My final March trip was to Palma de Mallorca. The capital of the largest Balearic island and I had history: my last visit was aged 18, when I was horribly ill and ended up in hospital. Round two was much more successful and thankfully illness-free – I'd go as far as to say Palma stole my heart. I've always had a weakness for beachside cities with enticing old quarters and great restaurants (hello, Valencia!), so it was no surprise that I fell for pretty Palma. I was also pleasantly surprised to find I understood Mallorquín just as well as Catalan, despite having heard that the accent was more challenging. In Palma, you're more likely to find information and menus in Spanish than Mallorquín, and official signage is usually translated. However, in certain shops I was addressed in Mallorquín, and heard plenty of the local language spoken in the street. A visit to my employer's Palma office showed me that it's commonly used on a daily basis, with locals often choosing it over Castilian.

Bon dia, Palma!

These three cities have something else in common too: the smile you can put on locals' faces with a few simple words of Catalan. It's by no means necessary to pick up a Catalan phrase book, Spanish will suffice, but addressing someone in their local language adds an extra touch. If you're visiting any of these cities or other Catalan-speaking areas, try some of these Catalan words and phrases:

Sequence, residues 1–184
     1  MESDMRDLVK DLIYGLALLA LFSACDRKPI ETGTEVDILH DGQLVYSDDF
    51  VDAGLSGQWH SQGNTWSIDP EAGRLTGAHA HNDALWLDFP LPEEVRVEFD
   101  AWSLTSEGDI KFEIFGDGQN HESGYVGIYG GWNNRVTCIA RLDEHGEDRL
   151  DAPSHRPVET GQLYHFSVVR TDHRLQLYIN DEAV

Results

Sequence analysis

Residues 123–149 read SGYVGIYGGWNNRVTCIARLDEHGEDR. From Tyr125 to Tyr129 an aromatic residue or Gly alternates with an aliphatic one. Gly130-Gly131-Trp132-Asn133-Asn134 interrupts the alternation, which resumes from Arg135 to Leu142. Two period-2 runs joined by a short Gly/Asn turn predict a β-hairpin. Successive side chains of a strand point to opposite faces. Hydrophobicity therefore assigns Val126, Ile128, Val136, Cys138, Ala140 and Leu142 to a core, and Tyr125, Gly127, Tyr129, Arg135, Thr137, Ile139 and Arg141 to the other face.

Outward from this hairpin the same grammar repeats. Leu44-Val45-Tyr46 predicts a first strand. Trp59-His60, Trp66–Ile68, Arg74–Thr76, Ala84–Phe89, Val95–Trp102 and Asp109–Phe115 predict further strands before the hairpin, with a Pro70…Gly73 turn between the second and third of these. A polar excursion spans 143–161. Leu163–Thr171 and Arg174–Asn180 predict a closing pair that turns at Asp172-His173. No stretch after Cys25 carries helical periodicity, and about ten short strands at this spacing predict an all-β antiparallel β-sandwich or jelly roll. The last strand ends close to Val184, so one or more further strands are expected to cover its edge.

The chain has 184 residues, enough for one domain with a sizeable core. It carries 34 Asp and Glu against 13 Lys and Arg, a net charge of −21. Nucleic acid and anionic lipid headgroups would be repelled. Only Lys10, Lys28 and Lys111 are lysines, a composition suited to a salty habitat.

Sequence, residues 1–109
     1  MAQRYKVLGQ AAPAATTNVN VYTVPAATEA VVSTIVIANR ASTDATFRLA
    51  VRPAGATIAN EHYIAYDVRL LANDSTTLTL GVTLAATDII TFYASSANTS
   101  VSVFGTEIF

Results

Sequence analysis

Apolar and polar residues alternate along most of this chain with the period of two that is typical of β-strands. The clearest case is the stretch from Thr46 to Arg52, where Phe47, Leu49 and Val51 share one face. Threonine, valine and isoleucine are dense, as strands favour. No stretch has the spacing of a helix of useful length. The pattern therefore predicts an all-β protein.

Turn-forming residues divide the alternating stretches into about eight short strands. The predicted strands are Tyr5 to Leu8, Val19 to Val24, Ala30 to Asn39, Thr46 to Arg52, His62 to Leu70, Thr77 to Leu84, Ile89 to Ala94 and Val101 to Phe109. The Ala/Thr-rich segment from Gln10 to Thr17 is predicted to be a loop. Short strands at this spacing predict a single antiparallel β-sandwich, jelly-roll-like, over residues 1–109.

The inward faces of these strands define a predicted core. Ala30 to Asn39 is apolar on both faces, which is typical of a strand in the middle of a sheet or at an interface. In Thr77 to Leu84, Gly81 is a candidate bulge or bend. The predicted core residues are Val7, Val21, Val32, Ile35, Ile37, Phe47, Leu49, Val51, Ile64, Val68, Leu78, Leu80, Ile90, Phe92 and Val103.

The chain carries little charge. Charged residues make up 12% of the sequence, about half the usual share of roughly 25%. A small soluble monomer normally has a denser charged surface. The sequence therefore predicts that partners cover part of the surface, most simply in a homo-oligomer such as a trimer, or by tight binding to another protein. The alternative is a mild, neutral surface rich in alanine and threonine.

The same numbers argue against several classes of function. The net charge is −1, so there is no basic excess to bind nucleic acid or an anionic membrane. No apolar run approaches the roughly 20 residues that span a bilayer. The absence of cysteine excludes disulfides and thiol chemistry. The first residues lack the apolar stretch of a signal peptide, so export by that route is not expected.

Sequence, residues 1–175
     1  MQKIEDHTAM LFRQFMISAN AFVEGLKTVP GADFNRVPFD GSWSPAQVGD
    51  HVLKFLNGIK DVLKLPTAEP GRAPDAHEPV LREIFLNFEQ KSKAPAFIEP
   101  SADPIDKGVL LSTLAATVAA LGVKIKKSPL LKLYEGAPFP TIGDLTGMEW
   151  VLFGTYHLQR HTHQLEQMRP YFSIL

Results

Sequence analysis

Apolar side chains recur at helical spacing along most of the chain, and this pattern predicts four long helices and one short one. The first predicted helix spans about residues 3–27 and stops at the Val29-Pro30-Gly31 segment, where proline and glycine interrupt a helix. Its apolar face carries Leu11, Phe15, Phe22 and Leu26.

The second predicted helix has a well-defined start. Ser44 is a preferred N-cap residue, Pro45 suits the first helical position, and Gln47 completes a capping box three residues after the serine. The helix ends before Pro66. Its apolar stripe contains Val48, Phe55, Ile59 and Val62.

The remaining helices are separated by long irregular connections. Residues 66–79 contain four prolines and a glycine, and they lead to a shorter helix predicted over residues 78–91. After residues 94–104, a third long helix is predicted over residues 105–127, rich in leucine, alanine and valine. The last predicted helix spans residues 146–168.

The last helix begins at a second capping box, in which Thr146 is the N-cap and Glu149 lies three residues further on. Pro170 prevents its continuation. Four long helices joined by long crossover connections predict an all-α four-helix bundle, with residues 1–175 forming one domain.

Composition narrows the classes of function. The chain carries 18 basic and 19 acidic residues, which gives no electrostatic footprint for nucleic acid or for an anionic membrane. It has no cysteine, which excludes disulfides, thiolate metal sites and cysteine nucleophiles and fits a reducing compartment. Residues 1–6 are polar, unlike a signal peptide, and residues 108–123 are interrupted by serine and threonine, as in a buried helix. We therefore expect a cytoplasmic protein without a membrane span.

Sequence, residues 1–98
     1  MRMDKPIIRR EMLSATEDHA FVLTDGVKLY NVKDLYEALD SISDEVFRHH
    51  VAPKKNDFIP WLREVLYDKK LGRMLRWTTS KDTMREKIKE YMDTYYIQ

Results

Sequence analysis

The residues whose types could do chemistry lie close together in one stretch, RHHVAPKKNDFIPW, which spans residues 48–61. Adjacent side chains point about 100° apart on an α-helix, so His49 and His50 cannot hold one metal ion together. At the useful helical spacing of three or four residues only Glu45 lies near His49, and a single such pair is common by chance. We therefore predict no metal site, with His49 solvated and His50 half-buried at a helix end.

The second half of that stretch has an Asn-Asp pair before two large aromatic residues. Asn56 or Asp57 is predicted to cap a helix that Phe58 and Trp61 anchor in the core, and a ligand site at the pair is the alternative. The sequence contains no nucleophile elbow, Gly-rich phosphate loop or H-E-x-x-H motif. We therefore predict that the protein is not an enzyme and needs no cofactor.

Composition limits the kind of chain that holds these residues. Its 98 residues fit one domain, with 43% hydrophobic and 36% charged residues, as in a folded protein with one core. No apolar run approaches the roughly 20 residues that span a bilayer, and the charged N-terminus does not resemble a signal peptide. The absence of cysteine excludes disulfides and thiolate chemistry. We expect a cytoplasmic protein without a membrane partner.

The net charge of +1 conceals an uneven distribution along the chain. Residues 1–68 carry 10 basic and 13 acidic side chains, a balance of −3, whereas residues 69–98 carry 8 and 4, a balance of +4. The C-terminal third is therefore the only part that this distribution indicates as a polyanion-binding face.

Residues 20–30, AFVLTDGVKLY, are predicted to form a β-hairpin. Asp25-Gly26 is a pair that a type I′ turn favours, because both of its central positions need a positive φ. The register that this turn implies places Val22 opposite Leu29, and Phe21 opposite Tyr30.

Bon dia – Good morning
Bona tarda – Good afternoon/evening
Bona nit – Good night
Adeu – Goodbye
Sisplau – Please
Graciès/Merci – Thank you
Em dic Kate / Sóc la Kate – My name's Kate / I'm Kate (swap 'la' for 'el' if male)
Molt de gust – Nice to meet you
Parles anglès? – Do you speak English?
esmorzar – breakfast
sopar – lunch
dinar – dinner
un cafè amb llet – a white coffee (café con leche)
un suc de taronja – an orange juice
vi blanc / negre – white / red wine

If you're interested in learning more, is an online resource run by the Institut Ramon Llul, which promotes Catalan worldwide. If you live in Catalunya, beginner-level courses are free and other levels cost very little. In Madrid, you can study Catalan for minimal outlay at the Centre Cultural Blanquerna on Calle Alcalá. As part of Catalan Culture Week from 20–27 April, they are holding a free beginner level class at 5pm on Thursday 23 April. 23 April is also both World Book Day and Sant Jordi: in Catalunya, it's traditional to gift men a book and women a rose. Centre Cultural Blanquerna is hosting many other festivities that evening to mark Sant Jordi, involving roses and books (of course), plus cava, vermut and a few other surprises. The event is free and open to all.

What's your favourite Catalan-speaking city to visit? 


  1. I was just placed in Las Islas Baleares by the ministry of education, and am really worried my goal of using this year to improve my (beginner's) Spanish, is now dead. Do you think Palma is a place I could still learn Spanish?

    1. Don't worry, you can definitely still learn Spanish there! A lot of Spanish is spoken in Mallorca, and you're more likely to hear it in the streets than Mallorquín/Catalán. Enjoy your placement.